Students and teachers decide what technology the district should adopt. Their choice: Windows 10 and Microsoft Education.
River Dell Regional School District in New Jersey has a middle school and high school comprised of more than 1,700 students and 131 educators. When it came time to renew their computer equipment the district they asked the teachers and students what they wanted.
River Dell Regional School District has equipped every student and teacher with a Windows 10 touch- and pen-enabled laptop with Microsoft Office 365 and OneNote. This combination enables teachers to work more efficiently, facilitates personalized learning opportunities for students and fosters a collaborative learning culture.
“We had a teacher and student committee that researched and selected the devices with us,” explains Marianthe Williams, director of technology for the district. “As a 1:1 school district for over 10 years, it was essential to have teacher and student involvement in the selection process.”
The committee developed a rubric to determine what criteria were important in and out of the classroom, and what functionality would enable them to do their best work while staying within the budget. “The group wanted 24/7 access to all their files with wireless, portable devices and digital inking capabilities,” said Williams.
The top priority for students was to find a device that offered a variety of modern capabilities, including keyboard, touch and pen. Williams noted, “For certain subjects such as math, science and music, students really need the ability to take notes by hand so they can make diagrams and sketches.” Research shows that digital inking results in long-term retention and better learning outcomes. Students produce 56 percent more non-linguistic content [diagrams, symbols, numbers] when using digital inking rather than a keyboard, which leads to an improvement in performance of 9 to 38 percent.* Teachers are more productive with digital ink as well since they are able to offer individualized feedback which improves personalized student learning. Another study showed that 68 percent of educators improve the quality of their communications with students by using a touch-based device with a stylus.**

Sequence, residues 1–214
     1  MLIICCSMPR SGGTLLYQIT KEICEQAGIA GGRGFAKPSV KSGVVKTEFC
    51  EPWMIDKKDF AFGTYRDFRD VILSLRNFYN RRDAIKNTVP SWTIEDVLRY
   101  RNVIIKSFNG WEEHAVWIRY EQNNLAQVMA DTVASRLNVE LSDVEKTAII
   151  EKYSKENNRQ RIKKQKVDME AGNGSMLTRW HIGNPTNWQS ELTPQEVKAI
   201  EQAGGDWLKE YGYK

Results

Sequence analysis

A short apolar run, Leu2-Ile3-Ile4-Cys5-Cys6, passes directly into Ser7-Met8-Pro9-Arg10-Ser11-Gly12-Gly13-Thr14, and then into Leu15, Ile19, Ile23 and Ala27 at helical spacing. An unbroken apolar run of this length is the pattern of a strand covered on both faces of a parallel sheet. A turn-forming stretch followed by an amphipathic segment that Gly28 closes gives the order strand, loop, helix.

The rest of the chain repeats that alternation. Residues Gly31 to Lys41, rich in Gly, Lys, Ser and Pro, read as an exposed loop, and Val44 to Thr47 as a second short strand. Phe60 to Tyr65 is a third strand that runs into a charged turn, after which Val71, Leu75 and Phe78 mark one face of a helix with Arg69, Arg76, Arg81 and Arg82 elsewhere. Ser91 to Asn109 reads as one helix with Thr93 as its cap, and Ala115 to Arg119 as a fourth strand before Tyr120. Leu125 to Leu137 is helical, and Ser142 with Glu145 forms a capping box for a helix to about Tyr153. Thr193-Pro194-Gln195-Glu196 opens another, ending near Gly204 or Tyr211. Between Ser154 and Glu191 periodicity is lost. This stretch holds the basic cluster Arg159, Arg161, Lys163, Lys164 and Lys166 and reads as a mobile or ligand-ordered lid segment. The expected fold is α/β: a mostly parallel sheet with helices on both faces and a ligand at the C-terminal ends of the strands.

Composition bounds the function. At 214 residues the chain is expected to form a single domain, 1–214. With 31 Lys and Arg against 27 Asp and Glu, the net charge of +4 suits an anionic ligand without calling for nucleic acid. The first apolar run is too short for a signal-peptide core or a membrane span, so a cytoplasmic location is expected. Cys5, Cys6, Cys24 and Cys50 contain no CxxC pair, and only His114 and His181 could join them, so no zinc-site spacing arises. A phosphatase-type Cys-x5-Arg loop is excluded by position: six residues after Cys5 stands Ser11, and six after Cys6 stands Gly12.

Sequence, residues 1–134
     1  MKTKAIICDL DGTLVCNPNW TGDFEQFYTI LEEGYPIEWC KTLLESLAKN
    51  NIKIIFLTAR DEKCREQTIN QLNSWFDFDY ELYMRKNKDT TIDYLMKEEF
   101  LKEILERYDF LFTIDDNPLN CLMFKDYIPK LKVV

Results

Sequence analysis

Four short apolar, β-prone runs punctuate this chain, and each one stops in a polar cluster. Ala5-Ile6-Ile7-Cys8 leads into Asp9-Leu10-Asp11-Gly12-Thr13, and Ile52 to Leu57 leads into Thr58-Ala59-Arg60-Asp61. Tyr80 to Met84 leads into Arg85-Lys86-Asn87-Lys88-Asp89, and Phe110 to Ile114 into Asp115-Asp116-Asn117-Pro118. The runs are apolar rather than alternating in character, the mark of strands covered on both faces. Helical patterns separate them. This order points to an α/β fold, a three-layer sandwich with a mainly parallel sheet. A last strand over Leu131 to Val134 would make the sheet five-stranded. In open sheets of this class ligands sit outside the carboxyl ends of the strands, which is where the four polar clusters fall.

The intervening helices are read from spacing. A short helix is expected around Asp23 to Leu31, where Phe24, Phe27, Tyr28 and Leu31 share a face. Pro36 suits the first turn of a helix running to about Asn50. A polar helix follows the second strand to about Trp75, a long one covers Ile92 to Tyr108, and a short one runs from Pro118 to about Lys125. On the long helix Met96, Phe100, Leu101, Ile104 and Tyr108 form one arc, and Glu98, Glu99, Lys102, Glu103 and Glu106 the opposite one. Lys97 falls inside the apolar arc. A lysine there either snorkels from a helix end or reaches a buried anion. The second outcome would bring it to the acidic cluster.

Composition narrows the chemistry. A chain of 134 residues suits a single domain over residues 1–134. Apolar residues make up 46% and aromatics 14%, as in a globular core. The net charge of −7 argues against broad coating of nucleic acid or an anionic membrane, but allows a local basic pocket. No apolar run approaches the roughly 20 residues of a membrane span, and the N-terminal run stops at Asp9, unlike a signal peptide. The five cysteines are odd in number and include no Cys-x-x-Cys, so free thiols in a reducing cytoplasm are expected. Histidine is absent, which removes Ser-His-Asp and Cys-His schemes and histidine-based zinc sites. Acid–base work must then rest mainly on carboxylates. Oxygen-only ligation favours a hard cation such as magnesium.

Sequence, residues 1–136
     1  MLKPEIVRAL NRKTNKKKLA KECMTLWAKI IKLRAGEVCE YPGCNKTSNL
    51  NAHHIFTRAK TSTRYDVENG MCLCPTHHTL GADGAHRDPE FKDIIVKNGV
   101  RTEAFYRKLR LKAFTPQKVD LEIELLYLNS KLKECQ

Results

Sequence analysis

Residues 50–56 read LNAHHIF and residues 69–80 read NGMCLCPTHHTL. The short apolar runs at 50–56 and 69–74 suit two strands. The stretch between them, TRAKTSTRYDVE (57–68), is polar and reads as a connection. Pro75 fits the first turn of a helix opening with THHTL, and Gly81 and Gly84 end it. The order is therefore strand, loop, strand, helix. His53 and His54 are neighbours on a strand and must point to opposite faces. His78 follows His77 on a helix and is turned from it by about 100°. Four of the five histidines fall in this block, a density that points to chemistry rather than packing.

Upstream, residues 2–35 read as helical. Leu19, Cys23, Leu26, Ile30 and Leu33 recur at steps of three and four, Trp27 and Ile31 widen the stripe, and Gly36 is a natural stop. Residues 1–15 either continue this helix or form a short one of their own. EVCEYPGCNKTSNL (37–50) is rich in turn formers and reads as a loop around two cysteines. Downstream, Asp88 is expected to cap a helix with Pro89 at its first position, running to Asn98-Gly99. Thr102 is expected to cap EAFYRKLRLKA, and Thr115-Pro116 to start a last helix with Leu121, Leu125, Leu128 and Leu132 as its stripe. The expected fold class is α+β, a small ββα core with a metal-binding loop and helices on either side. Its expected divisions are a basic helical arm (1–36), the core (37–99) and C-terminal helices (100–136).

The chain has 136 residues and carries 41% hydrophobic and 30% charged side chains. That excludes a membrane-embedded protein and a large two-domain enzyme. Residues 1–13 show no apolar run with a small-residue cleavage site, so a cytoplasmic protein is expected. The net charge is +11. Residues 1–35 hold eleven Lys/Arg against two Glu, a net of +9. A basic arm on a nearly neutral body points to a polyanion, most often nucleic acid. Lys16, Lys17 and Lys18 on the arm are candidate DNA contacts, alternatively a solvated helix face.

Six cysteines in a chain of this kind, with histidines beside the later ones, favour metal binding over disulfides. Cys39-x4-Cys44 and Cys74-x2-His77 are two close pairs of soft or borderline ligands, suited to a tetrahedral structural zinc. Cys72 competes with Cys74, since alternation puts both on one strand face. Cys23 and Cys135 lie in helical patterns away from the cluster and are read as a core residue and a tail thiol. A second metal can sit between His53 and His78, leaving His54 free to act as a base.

As the district began testing different types of devices, including laptops, Chromebooks, and tablets, the choice became clear. “Hands-down, the committee selected the Surface Pro 3 because it was easy to use, intuitive, and lightweight,” Williams explained. All teachers and staff were issued the Surface Pro 3. High school students received the HP EliteBook 820, while the middle school students received the HP ProBook 11 Education Edition. “We were pleasantly surprised to find the HP devices offered the touchscreen features our students craved at a price point the district could afford.”
Over the summer, the district made a smooth transition to Windows 10 on all devices. Not only did the students keep the productivity tools in Office 365 to which they were so accustomed, but they also benefited from digital inking features they craved. The upgrade to Windows 10 provided a user experience that students and teachers were already familiar with and opened a new world of touch and pen features.
Williams said, “We’re all-in with Surface, HP, Microsoft Office 365 and OneNote. It’s exciting to see how our teachers and students have taken OneNote Class Notebook to be their digital curriculum. The technology helps us to extend learning beyond the instructional period. Our students are finding new ways to collaborate and developing skills that will serve them well throughout their lives and careers.”
With the Surface Pro 3 tablets, teachers are freed from their stationary post in front of the class. While teachers roam the room, they can write on the Surface tablet and have the display projected on a screen in the front of the class. “You have a very strong pulse of the class when you can walk around,” explains U.S. History teacher, Dawn Rivas. “I can write on the tablet, and it goes up immediately on the projector and kids will see that.” Using the stylus allows students and teachers to incorporate notes and comments directly into the lesson in a way that does not interrupt the flow of the classroom. Teachers report that their lessons are considerably enhanced, with students who are more engaged and are able to draw better conclusions.
The most exciting instructional catalyst was Microsoft OneNote Class Notebook, which has taken collaborative learning to a new level. “The game changer is OneNote Class Notebook. Our teachers have really embraced it,” said Williams.
With OneNote Class Notebook, students can ask for help, and teachers can give their support—directly in the student’s personal notebook. OneNote’s collaboration space encourages students to work together on the same document at the same time, whether it’s a shared writing project or gathering data for a science lab report. OneNote automatically saves notebooks so that students and teachers can view them from any device, online or offline. Williams says, “Teachers tell us that they are more efficient as they can check student progress at any time and that the students have higher homework completion rates.”
To learn more about how Microsoft is empowering every student to achieve more, visit Microsoft in Education.
*Computer Interfaces and their Impact on Learning, Sharon Oviatt.
**Digital Ink in the Classroom, IDC InfoBrief sponsored by Microsoft, June 2015.